1899 "Stave Pipe - Its Economic Design and the Economy of its Use," by Arthur L. Adams, Presented October 19, 1898.  Transactions of the American Society of Civil Engineers 41:27-84 (June, 1899)

1900 The civil engineer's pocket-book, of mensuration, trigonometry, surveying, hydraulics, by John Cresson Trautwine
Page 294:  Water Pipes. A. Wyckoff and Son, Wooden water pipe.

1900 Pictures of wood stave pipe construction, from University of Washington

1901 US Patent 684,156, Wooden Pipe, October 8, 1901, Merrill F. Wilcox of Bay City, Michigan, assignor to Michigan Pipe Co., of same place.

1901 US Patent 688,372, Mechanism for banding wooden pipes, December 10, 1901, Merrill F. Wilcox of Bay City, Michigan, assignor to Michigan Pipe Co., of same place.

1901 "Conveyance of Water in Irrigation Canals, Flumes, and Pipes," by Samuel Fortier, Bulletin of the U.S. Department of Agriculture, No. 43, December 17, 1900.  | Also here |

1903 "Death of Frank Wyckoff," Williamsport Sun-Gazette, February 21, 1903, Page 6.  Frank was a nephew of Arcalous Wyckoff.

1904 "A Wood-Stave Conduit for the Water Supply of Atlantic City," Kenneth Allen, Engineer and Superintendent of Water Works, Atlantic City, N.J., Journal of the New England Water Works Association 18(4):375-395 (December 1904)

1904 "Wooden Stave Conduits," Fire and Water Engineering 36:292 (December 17, 1904) | also here |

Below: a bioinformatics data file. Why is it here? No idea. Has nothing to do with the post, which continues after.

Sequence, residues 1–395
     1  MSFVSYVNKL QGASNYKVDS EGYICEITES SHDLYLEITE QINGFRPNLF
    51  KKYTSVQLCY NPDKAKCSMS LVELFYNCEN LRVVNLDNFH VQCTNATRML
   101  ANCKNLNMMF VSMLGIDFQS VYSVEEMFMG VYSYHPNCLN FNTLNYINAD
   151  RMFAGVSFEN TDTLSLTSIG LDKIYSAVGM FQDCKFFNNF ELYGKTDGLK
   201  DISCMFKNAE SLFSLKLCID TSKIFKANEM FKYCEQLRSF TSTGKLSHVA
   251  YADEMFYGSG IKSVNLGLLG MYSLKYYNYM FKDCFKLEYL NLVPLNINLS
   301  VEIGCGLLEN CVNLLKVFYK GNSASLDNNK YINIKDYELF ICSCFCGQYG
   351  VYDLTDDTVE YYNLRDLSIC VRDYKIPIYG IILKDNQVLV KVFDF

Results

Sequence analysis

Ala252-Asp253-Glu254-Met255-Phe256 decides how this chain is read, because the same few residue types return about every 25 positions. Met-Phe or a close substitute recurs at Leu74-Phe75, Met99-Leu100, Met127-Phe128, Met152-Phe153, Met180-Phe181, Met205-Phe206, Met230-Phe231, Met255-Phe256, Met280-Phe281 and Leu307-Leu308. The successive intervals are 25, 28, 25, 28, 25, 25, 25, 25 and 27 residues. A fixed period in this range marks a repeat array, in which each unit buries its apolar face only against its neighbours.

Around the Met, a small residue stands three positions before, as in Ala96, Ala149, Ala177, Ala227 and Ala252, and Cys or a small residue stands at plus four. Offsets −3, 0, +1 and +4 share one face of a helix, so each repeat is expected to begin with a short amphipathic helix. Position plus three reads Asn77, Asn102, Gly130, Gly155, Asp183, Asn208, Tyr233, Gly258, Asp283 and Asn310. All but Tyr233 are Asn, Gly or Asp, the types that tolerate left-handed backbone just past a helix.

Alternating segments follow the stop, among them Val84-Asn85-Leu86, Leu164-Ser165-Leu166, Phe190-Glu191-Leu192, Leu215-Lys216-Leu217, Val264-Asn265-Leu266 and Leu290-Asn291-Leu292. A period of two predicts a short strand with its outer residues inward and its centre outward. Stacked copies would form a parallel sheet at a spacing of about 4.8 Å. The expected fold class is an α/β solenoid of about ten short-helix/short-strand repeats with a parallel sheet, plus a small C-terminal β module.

1904 "Some applications of wooden stave pipe," by John Birkinbine, Read October 15, 1904, Proceedings of the Engineers' Club of Philadelphia 22:12-27  (1905)

1905 "A Wood-Stave Conduit for the Water Supply of Atlantic City," by Kenneth Allen, Engineer and Superintendent of Water Works, Atlantic City, N.J., Water and Gas Review 15(8):24+ (February 1905)

1905 US Patent 790,978, Wood-Pipe Joint, May 30, 1905, Cassius Carroll Peck, of Rochester, New York.

1905 "Wyckoff Patent Wood Water Pipe," Engineering Review 15(12):22 (December, 1905) | A. Wyckoff & Son Co. advertisement on page ix. |

1905 Bulletin of the National Association of Wool Manufacturers 35(4):409 (December, 1905)
Death of Levi Yanney, Ephrata, N.Y., April 12, Aged 71 years.  He was the proprietor of the Yanney Mills.

1905 "A Study of the Design of Steel and of Wooden Stave Pipe Lines for Power Purposes," by Norman Moore Chivers, Department of Civil Engineering, Massachusetts Institute of Technology